I had an athlete come to me the other day after trying to get his low back to release and I showed him Boomerang at the Wall and he instantly felt better. Such an awesome pose to target this often tight but forgotten muscle!

  10. Marina Flaks says:

    Thank you so much for the post Amanda. It’s amazing. I had been suffering from low back pain all my life . Most of my life I was not physically engaged and spent a lot of time sitting, and always believed that that was the reason of my back pain. Recently, I am much more physically active, my lower back is much better , although some times it reminds me of it’s existence. I would never guess that crossing legs while sitting (what I always do) could be the reason. I was always taught to sit leg crossed as a sign of good manner. And I could transfer this unhealthy habit to my daughters.

  11. Emily says:

    I cross my legs without even realizing I’m doing it. Thanks to YTU I’m becoming more conscious of my body so when my QL and low back start to get grumpy I’m noticing quicker the need for correction – come on lady, uncross your stinking legs! Thank you for this pose advice “Do the following Yoga Tune Up poses to restore balance to your QL: Sidewinder Pose, Boomerang at the wall and Triangle in Parallel.”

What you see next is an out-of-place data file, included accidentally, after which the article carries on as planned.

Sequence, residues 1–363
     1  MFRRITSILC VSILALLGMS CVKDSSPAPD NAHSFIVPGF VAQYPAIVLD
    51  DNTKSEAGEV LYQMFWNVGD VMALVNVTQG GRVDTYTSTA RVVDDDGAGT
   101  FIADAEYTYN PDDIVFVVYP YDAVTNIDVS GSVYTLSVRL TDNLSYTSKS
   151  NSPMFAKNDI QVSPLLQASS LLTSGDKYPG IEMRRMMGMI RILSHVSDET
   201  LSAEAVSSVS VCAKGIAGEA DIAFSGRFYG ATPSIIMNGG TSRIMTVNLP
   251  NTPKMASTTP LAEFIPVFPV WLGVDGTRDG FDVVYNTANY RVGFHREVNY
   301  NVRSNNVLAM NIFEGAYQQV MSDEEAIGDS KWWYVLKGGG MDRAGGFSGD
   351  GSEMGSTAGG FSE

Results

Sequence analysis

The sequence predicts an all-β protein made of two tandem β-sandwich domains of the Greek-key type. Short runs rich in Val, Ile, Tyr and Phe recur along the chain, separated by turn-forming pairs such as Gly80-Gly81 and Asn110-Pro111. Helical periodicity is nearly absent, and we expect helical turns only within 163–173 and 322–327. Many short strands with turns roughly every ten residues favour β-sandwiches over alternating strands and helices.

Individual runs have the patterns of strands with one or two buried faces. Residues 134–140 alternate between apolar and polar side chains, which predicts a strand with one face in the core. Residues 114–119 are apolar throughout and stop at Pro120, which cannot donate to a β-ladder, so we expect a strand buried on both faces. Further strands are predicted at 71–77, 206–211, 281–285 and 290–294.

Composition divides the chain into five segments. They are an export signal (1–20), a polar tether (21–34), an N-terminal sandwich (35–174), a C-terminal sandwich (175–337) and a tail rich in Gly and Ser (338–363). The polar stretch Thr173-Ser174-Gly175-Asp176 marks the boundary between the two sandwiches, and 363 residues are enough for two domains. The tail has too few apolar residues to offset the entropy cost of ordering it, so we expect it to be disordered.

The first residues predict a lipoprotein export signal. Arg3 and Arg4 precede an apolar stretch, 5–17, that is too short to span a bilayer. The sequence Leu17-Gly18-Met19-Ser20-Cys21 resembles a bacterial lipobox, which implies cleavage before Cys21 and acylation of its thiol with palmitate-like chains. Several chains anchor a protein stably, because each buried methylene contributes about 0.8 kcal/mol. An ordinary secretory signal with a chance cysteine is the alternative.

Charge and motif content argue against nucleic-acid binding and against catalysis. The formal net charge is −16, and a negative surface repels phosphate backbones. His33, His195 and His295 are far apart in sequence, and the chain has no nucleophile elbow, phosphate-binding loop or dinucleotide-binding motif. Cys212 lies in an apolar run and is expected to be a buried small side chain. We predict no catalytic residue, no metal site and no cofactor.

12. Anastasia Polito says:

    Thanks for writing about how serious back problems can be created by avid leg crossing. Therapy and rehab are so important as well as stopping this action for our low and mid-back health. I will introduce these rehab exercises to a few of my clients. 🙂

  13. bee pallomina says:

    I’m such a leg crosser and have suffered from the same nasty QL issues and hip elevation.
    Here’s to uncrossing!

  14. KELLY says:

    I am retraining myself to sit with both feet on the floor because I know it’s not good, and your article gave me more insight into the “why”. It’s hard to imagine a room full of women sitting like this, rather than with legs crossed. I will be sure to pass this tip on to all my friends, colleagues and students who habitually leg cross.

  15. Mairin McCracken says:

    This is SO helpful! I have had horrible lower back pain that hits on and off. This week I noticed it more because I had been sitting more.. and when I sit, I cross my legs! This is a valuable piece of advice that I will pass along to my students.